Egyptian startup MerQ is optimistic about the future of artificial intelligence (AI) in Africa and the Middle East as it looks to extend the application of these advanced technologies within the fintech sector.
Founded by Dr Waleed Ghalwash, MerQ aims to cover various topics in financial literacy in banking and non-banking services, delivering true financial inclusion by helping Egyptians to make financial decisions using AI.
Its first product is Sally, which provides users with comprehensive information to assist them when deciding between the different credit card options available across various banks through its AI-enabled chatbot offered through Facebook Messenger.
The startup was launched last year, though most of the team have been working together on other ventures since as far back as 2010, and made it its mission to address the lack of financial literacy in Egypt.
“From our point of view the gap was so obvious. In our local market, it manifests in the very low penetration of banking services in Egypt,” Ghalwash told Disrupt Africa.
“We are living in a digital world, so it’s essential that we think digitally and make use of the technologies we have, while also using them to build our own. This is our belief.”
So MerQ launched Sally, a programme for smart dialogue through the Facebook Messenger app built to educate people on credit cards’ systems. It provides individuals with all the information they need to make informed decisions when choosing from different credit card options at various banks, through Messenger’s voice services.
“We use AI for customer support by developing chatbots that help reduce time, provide recommendations and provide valued information,” Ghalwash said.
“Using AI has tremendous potential in making financial inclusion and banking services more efficient and accessible to all while spreading awareness.”
The startup raised seed funding in April to further develop Sally, which already has 20,000 users, and launch further new products, and Ghalwash said it was targeting further funding later this year.
“We are quite optimistic about the uptake of the product which also brings us to consider the next series of products we have. We’ve also seen a considerable influx of users around the travel season with people genuinely interested in making sound decisions about their credit cards when they decide to travel. Our ability to constantly update and build on Sally’s AI means that we can continue to cater to different user preferences,” he said.
MerQ also has geographic expansion in its sights, with various African markets being considered. Ghalwash said the startup, which makes Sally available for free but takes a commission on issuance fees from any products sold through its platform, had overcome numerous challenges in educating financial service providers and customers about its products.
“The most challenging from an operational point of view while launching was to adapt our conversations to the users’ way of interacting with the platform, and the way they talk, since we deliberately designed our bot to talk in slang. So while we are expanding our bots exposure to wider geographical areas the slang differs,” he said.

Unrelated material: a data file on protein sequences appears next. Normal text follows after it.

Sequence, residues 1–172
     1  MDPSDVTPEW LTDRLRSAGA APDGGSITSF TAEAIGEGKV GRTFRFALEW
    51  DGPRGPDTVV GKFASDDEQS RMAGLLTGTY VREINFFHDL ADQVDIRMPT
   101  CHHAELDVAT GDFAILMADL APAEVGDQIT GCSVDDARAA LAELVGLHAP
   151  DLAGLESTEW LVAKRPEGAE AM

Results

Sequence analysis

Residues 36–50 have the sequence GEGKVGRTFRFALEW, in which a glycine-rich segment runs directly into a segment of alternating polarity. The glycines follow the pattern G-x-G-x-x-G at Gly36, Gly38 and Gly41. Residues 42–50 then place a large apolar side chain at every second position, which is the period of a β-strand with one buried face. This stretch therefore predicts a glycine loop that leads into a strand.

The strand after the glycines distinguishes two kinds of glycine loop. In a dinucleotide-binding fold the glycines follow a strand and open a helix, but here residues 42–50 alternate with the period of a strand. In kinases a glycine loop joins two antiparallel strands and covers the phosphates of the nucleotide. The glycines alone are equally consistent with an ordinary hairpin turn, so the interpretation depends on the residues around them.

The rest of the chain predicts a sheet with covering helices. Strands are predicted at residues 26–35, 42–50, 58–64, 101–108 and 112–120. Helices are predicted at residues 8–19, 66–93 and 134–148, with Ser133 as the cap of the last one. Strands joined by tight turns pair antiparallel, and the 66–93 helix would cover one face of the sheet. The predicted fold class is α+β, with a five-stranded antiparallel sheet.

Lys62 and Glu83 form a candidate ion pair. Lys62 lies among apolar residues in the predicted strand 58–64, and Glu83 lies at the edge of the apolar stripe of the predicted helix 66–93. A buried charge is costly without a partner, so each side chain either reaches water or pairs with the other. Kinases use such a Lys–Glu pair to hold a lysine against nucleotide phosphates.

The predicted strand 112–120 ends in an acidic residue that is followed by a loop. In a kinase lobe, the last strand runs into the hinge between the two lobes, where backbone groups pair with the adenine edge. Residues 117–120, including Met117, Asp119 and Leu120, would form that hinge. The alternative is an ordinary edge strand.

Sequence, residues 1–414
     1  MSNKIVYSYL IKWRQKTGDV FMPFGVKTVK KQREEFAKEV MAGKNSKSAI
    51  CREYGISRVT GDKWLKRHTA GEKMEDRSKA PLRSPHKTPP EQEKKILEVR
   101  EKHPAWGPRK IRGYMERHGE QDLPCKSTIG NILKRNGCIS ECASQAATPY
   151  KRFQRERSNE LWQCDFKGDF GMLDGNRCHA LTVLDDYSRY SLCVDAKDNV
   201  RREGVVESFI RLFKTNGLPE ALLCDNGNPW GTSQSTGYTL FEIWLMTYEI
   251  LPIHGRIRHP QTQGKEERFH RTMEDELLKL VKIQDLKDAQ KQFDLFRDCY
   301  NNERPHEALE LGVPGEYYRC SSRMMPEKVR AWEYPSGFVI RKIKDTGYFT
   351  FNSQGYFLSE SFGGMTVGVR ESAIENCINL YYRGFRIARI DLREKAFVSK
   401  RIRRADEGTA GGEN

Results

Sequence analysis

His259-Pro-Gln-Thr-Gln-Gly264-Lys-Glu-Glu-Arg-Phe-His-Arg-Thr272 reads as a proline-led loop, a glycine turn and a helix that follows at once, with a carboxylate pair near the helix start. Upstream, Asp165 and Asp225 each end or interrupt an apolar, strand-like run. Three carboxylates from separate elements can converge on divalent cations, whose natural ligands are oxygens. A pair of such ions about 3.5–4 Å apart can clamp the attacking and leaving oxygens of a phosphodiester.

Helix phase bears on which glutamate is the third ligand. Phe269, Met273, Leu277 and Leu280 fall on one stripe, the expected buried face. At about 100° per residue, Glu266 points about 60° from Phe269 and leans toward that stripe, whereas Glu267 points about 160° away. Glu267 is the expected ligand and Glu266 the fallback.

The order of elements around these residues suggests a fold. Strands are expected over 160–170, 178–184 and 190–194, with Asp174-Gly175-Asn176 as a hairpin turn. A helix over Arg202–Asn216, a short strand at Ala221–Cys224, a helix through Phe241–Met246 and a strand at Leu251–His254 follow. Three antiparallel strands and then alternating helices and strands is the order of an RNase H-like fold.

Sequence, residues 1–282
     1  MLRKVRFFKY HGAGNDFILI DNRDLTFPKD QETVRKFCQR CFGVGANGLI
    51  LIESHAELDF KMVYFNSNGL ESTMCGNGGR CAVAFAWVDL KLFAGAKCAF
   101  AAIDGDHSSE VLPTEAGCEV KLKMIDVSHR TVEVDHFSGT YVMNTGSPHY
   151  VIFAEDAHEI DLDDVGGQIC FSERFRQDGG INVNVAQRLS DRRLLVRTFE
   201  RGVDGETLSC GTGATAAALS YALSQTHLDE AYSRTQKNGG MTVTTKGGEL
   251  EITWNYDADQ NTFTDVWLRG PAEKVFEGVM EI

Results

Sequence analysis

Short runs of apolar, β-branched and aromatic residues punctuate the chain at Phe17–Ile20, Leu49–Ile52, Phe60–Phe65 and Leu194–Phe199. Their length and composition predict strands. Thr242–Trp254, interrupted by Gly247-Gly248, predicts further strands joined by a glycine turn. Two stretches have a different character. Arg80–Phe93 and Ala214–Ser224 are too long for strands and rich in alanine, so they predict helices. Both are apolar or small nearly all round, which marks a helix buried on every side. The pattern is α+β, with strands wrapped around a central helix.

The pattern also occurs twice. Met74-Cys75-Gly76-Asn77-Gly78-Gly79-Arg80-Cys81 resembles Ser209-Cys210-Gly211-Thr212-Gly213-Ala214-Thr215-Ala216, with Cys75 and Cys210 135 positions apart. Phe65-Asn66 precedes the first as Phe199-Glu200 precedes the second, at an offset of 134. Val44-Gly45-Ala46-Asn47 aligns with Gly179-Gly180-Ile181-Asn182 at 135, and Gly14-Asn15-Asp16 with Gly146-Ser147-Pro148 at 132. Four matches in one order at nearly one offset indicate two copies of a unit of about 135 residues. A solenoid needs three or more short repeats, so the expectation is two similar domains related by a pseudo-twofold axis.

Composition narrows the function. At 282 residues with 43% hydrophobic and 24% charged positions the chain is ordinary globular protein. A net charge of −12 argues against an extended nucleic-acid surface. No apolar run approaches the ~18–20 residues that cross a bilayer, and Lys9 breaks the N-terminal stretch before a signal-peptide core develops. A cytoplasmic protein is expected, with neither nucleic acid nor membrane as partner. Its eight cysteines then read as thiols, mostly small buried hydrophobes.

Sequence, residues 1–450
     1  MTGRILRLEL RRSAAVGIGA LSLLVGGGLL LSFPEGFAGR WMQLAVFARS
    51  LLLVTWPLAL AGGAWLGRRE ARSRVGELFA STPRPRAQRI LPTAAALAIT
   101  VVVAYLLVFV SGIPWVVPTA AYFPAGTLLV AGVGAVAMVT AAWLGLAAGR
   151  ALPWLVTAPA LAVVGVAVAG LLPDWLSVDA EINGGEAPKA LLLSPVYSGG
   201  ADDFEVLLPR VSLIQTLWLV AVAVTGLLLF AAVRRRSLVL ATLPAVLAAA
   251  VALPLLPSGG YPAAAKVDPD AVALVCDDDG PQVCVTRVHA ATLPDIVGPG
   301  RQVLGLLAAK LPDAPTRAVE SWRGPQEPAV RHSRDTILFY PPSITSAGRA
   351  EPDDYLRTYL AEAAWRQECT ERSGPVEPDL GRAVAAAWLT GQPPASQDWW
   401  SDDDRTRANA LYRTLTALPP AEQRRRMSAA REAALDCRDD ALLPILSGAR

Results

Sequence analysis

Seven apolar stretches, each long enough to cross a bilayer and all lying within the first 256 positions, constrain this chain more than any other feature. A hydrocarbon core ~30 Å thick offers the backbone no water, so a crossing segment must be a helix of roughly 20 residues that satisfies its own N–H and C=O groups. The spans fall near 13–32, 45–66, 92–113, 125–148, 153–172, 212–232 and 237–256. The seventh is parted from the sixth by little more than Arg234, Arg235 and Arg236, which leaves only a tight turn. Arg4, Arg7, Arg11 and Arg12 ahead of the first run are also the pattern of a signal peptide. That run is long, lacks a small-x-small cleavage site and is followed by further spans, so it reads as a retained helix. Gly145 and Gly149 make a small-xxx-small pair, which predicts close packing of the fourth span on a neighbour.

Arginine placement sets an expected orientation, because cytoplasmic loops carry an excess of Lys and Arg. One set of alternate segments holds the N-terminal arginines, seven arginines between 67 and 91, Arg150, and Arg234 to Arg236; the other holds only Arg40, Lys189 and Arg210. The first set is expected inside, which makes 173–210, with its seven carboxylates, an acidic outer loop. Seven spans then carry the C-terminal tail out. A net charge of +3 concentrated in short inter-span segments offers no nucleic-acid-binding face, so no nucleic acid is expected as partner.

“We also found some difficulty at first with the banks. Although they were impressed with the idea, it was a little hard to convince banks to trust us and connect to the platform due to the novelty of the idea to the local market. Yet we achieved very solid steps on the ground.”
Nonetheless, MerQ believes AI is no longer a futuristic technology for Africa, but rather one that is increasingly part of people’s daily lives.
“Africa is one of the most diverse and youngest populations in the world and has great potential to be the hotbed for AI talents,” Ghalwash said.
“AI technology may be a new trend, but with the accelerating rate of our daily life and the growing challenges, people are in need for such technologies to ease their lives.”
Companies must choose to adopt AI or risk being left behind, he said.
“So, it is less about persuading, and more about spreading awareness. We have to spread more awareness about AI and the benefits of deploying and embedding it in our lives to save time, money and to cope with global progress.”
The recent launch of Google’s latest AI lab in Accra, Ghana, will prove a boost in the development of the sector.
“There are big and various investments coming from tech companies in Africa like Google, Amazon and Microsoft. With the power of the cloud this is enabling lots of scenarios to drive value to the economy at a lower cost compared to previous times,” said Ghalwash.
“The young population in the African continent and their exposure to the internet and technology have built a strong base of skilled technology professionals that are now harnessing the power of technology progress like AI, and this can be seen by the surge over the past years in the entrepreneurial space.”
Challenges remain, however, that startups operating in the AI space will need regulatory assistance with.
“Although there is potential and opportunities for AI, regulations and infrastructure are strong challenges that should be addressed so we can deploy AI processes and tactics smoothly,” said Ghalwash.
“I call on all policy makers, innovative leaders, startups and small companies, global technology partners NGOs, civil society groups, and international stakeholders to promote the growth of a vibrant AI ecosystem in Africa.”